I think everyone is in agreement on the fact that QBs are important.  Fans say so, teams say so, the league says so.  

But I feel that the league is falling well short of its responsibilities when it comes to doing something about it:

  • Why is Carson Palmer sitting at home playing tiddlywinks while the 49ers are playing the bum of the week at QB and trolling the waiver wire?
  • Why is Tim Tebow stuck with an organization that no longer wants him, playing a system that does not fit his unique talents when he could be in Buffalo playing for the kind of coach in Chan Gailey who would love to have him?
  • Why is it that Green Bay's Matt Flynn is not the starter in Washington or with the NY Jets where he would be a perfect fit?
  • Why is Mark Sanchez trapped in NY where they run a downfield passing offense instead of the Bill Walsh type system he needs to be in?
These are just current examples.  I said before that I have had this idea since 2004.  That would be the Jeff Garcia travesty.  Garcia was the prized free agent signing of the Cleveland Browns in 2004.  Garcia had been a regular pro-bowler with San Francisco, so why not by the dirty lake?

I'll tell you why.  Jeff Garcia was a system QB.  The Bill Walsh system to be exact. He was a short, weak armed quarterback who excelled at only two things: Throwing the ball to short distance targets with precise timing and scrambling for his life.  With Cleveland only the latter skill was employed.

You see, Cleveland ran a downfield passing offense.  The whole passing offense was predicated on the threat to the deep outside and deep middle.  Bruce Arians was the offensive coordinator there at the time (he is now the offensive coordinator in Pittsburgh) and he brought the Indianapolis Colts offense with him (where he was Manning's first QB coach).  In the prior year under Arians, Kelly Holcomb (who was a former backup to Peyton Manning) started multiple games and had credible (but not fantastic stats) with virtually the same team.

When I heard about Cleveland signing Jeff Garcia I was dumbfounded.  I told multiple people that it was going to be a disaster.  But no one in the media ever mentioned that there might be a mismatch between the system and talent.  I'm sure there were some eyebrows raised among league insiders, but I never heard a discouraging word at the time.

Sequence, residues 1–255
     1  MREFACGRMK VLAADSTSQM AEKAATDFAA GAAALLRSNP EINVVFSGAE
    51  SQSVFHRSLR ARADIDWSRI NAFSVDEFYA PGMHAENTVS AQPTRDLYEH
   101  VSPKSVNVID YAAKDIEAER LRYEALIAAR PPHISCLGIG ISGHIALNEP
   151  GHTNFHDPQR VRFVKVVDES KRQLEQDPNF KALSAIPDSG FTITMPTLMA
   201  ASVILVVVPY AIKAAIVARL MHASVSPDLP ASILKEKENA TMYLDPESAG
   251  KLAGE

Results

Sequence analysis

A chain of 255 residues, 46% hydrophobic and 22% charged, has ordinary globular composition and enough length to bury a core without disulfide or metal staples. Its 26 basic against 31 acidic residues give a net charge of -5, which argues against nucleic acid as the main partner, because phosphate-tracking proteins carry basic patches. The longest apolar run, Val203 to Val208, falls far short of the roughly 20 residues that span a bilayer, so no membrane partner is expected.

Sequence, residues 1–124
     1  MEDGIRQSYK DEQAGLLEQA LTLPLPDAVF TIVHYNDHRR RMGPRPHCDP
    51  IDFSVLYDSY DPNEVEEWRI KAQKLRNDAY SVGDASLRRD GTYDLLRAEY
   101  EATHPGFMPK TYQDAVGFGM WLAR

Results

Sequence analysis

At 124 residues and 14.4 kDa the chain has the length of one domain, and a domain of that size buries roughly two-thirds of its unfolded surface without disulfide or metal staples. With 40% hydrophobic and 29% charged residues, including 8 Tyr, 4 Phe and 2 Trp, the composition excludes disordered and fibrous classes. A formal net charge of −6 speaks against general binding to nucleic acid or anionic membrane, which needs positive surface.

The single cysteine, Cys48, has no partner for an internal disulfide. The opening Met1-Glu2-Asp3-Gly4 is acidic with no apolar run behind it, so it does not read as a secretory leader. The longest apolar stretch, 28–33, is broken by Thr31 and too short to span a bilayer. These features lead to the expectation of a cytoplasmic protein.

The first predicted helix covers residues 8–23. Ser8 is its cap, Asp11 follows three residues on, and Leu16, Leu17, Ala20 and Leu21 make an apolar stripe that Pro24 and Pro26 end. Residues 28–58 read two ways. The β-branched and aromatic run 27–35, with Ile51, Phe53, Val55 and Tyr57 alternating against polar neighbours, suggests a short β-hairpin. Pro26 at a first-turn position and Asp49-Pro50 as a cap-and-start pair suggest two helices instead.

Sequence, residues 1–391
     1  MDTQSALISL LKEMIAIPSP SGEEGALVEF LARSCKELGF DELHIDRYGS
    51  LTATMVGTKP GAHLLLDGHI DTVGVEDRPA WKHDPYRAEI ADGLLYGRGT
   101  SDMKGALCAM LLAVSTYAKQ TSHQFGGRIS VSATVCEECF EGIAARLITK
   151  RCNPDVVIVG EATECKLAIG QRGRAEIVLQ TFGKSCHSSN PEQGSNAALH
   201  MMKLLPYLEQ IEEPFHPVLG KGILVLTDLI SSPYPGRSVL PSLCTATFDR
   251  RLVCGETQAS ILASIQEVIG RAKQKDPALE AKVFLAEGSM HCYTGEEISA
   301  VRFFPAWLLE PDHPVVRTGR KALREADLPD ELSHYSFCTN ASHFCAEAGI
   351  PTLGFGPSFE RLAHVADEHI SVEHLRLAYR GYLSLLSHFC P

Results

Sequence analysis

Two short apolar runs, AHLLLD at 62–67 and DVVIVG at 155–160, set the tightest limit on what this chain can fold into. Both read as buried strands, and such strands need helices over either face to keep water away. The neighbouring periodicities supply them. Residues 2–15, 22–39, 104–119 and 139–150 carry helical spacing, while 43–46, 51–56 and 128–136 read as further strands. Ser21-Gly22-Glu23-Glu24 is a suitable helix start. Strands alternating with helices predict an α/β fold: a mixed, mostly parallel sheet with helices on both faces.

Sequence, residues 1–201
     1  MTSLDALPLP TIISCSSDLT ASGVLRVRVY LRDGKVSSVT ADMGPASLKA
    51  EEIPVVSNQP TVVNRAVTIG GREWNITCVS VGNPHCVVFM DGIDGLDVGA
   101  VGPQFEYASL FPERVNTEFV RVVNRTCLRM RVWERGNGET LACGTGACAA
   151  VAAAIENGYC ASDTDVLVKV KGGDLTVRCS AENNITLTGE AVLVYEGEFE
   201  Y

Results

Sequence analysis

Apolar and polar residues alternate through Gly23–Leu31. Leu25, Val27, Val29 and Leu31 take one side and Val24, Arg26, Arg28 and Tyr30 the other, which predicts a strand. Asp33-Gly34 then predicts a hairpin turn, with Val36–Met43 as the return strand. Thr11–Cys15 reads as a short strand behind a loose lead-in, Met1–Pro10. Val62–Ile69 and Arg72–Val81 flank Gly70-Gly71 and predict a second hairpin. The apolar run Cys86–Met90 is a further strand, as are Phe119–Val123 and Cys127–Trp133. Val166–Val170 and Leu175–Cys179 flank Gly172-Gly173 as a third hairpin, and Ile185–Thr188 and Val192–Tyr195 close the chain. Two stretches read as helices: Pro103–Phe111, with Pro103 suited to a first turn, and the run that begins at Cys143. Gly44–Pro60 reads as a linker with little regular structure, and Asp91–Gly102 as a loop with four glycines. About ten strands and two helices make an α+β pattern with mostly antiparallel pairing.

Well, anyone who remembers that season knows that it was a total train wreck. The Browns actually cut the face of their franchise loose before the season had ended.  It does not get much worse than that.

Garcia went on to play for a horrific Detroit team, but his fortunes followed the team and he was cut loose again.  He was eventually signed by the Eagles and went on to play remarkably well backing up McNabb and then again played well as the starter for Tampa Bay.  Both of these teams ran variations of Bill Walsh's offense.

The best current example of this kind of situation is with the NY Jets where they have Mark Sanchez mismatched with Brian Schottenheimer's complex downfield passing offense.  While Sanchez is certainly doing better in Schottenheimer's offense than Garcia was with Arians, I feel he will only be able to reach his potential in a Bill Walsh style short passing offense.  I feel the Jets and Sanchez will struggle until the player and coordinator are separated.  Don't get me wrong, I think Schottenheimer is a good coordinator, maybe one of the best.  This is just not a good match.  You put Matt Flynn with the Jets and you would see that offense take off.

If the quality quarterback is to be considered a vital resource, then the league should be taking a more active role in ensuring that their resources are allocated in a reasonable manner.  Even if it has to be behind the scenes.

This is not unprecedented.  Rumors surfaced recently that the league was involved with Michael Vick choosing Philadelphia over Buffalo and Cincinnati.  I also believe the league encouraged the Packers to trade Brett Farve to the Jets after they showed no sign of blinking during that stand-off.